In the Hunger Games novels, a very advanced but morally corrupt society chooses to suppress its populace by sanctioning annual mass murder of children and young adults. It is televised, and endorsed as a patriotic, necessary measure to promote peace and equality. Of course, nothing can be further from the truth. The ruling class is simply using the opportunity to suppress the independent thinking, and hold on to the status quo. The populace is destitute, powerless, kept in the dark, buried alive, but its unrest is growing steadily and stealthily. The ruling class prospers, engaging in the ridiculous and pointless show of excess out of boredom, and is oblivious to the growing anti-establishment sentiment until it squarely blows up right in their face. The moral compass fails, and murder becomes nothing more than a glorified spectacle. The human life is devoid of value, spared or extinguished on a whim.
I do believe my patients are troubled. Patient unrest is growing, and we, physicians, are seen as a ruling class that is promoting the excesses of the system. Unifying among my patient occurrences were frequent and persistent references to their out-of-pocket expenses, deductibles, copayments. Our system destroyed the value of patient-physician relationship. Patients and physicians feel powerless to deal with mega-million strong insurance carriers, some gloriously broadcasting their billion dollar mergers. Just as in the Hunger Games, the stakes are rising disproportionally for the populace, and the value is draining from their hard-earned living.
A friend — an educated man and a respected attorney — lamented recently that his child’s surgical fees (for an abdominal surgery done for a chronic condition), as evidenced on the explanation of benefits, were exceeding a hundred thousand. When I pointed out that no professional fees are ever even close to such a number, and asked if it were the facility fee instead, he was caught off guard. Patients may get a hospital bill, but they attribute the charges, and potential income, to the doctors performing the procedure. It’s a simple trick of perception that becomes reality. And it nicely obscures the real situation, as in excessive and opaque hospital contracts with insurers.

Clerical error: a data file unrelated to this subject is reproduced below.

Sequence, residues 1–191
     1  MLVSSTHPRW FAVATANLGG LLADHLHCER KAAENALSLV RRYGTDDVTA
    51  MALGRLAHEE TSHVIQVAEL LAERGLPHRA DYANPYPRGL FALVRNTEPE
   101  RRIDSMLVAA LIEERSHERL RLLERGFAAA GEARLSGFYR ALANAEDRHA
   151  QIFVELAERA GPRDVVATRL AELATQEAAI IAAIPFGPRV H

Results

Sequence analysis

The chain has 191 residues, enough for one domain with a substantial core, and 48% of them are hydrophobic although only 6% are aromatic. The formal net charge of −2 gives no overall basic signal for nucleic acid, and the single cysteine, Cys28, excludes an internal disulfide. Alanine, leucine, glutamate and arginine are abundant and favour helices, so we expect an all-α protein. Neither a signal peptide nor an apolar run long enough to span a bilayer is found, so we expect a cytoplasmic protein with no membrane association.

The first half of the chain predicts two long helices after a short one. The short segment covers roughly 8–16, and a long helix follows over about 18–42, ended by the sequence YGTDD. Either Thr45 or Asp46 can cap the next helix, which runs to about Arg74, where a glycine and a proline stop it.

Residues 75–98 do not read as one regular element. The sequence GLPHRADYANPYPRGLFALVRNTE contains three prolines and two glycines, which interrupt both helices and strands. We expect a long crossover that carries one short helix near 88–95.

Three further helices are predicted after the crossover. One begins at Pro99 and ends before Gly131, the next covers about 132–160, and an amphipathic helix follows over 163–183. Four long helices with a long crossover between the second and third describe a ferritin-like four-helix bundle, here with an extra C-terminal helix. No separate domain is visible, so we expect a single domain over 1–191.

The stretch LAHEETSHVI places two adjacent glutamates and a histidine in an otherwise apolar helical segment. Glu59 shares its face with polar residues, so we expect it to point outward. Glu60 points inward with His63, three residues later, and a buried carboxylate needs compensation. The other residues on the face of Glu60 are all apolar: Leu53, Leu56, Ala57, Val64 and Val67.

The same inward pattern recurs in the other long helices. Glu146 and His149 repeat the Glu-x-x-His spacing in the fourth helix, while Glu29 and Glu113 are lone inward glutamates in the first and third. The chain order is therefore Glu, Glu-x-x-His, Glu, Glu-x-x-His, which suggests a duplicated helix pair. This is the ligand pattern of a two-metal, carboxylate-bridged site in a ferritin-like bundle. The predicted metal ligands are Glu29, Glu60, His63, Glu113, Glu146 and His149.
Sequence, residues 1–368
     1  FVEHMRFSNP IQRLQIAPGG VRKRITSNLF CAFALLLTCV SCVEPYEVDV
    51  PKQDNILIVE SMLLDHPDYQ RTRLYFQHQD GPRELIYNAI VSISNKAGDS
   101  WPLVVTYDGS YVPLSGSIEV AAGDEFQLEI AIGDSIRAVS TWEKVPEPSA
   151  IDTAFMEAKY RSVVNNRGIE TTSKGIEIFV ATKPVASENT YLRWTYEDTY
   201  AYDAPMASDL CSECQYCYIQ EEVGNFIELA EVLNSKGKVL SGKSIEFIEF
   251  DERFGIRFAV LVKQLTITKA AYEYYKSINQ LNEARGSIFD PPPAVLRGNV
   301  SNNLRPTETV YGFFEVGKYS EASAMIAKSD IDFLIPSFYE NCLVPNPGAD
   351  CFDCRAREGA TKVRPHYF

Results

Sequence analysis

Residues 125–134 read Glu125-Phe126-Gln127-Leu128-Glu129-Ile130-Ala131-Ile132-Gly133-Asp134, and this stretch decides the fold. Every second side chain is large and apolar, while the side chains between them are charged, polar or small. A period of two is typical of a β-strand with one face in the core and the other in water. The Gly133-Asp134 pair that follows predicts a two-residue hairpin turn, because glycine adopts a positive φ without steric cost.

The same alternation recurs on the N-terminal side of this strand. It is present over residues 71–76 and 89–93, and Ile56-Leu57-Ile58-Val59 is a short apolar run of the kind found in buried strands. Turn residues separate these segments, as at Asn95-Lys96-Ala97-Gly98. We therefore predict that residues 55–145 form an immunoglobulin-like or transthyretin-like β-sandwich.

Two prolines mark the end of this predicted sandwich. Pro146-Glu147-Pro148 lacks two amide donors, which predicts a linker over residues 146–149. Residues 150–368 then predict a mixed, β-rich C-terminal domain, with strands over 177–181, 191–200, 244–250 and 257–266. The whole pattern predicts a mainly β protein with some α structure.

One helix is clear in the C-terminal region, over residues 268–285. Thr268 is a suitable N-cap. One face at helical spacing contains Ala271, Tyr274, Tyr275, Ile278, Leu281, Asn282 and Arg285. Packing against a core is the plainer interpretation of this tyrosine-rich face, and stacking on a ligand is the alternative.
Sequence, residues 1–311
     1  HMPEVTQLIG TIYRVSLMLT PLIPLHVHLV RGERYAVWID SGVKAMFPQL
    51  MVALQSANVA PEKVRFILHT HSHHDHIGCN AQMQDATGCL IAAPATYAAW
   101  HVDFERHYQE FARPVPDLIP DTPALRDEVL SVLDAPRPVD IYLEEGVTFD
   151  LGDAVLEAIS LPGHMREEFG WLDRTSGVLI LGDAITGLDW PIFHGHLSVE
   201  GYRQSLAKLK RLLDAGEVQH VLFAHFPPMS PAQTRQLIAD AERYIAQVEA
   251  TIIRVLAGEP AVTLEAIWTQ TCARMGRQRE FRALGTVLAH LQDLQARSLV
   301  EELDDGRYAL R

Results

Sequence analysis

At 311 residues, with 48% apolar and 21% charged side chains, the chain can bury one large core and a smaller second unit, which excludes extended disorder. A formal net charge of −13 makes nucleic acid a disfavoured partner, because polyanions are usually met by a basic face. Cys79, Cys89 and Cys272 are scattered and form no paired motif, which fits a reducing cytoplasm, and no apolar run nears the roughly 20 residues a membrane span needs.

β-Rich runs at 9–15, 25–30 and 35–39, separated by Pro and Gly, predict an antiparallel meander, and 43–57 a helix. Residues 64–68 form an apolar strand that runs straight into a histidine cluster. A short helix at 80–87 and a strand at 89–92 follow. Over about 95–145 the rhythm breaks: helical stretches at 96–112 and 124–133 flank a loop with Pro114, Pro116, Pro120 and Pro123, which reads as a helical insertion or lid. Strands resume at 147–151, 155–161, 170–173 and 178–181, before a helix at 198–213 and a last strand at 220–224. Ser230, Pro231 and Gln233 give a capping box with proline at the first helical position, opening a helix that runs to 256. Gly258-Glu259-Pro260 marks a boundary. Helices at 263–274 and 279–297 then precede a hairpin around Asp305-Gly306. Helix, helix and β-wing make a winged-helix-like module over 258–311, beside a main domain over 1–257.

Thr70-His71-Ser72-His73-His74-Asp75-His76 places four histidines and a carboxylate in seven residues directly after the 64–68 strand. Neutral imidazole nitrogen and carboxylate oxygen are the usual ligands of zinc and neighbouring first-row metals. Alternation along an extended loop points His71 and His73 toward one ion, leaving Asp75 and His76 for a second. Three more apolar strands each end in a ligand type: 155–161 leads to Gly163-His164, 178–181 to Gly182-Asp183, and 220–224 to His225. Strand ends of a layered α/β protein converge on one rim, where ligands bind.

Of course, this continues year after year, and multiple stakeholders are entrenched to maintain the status quo. Many would agree that the practice of medicine is currently defined by coverage rendered through insurance carriers to patients and physicians, and, as such, is restricted and unrecognizable.
In the movie version of the Hunger Games, a young, fearless, independent Katniss Everdeen brings down the empire using the oldest of the weapons: her bow and arrow, her iron will, her relentless passion for humanity, and a sense of justice. She accomplishes the unthinkable, and loses love and loved ones. Is value-based purchasing and price transparency our Katniss? And do we have her will to fight and survive?
Regina Druz is a cardiologist and can be reached at Integrative Cardiology Center of Long Island.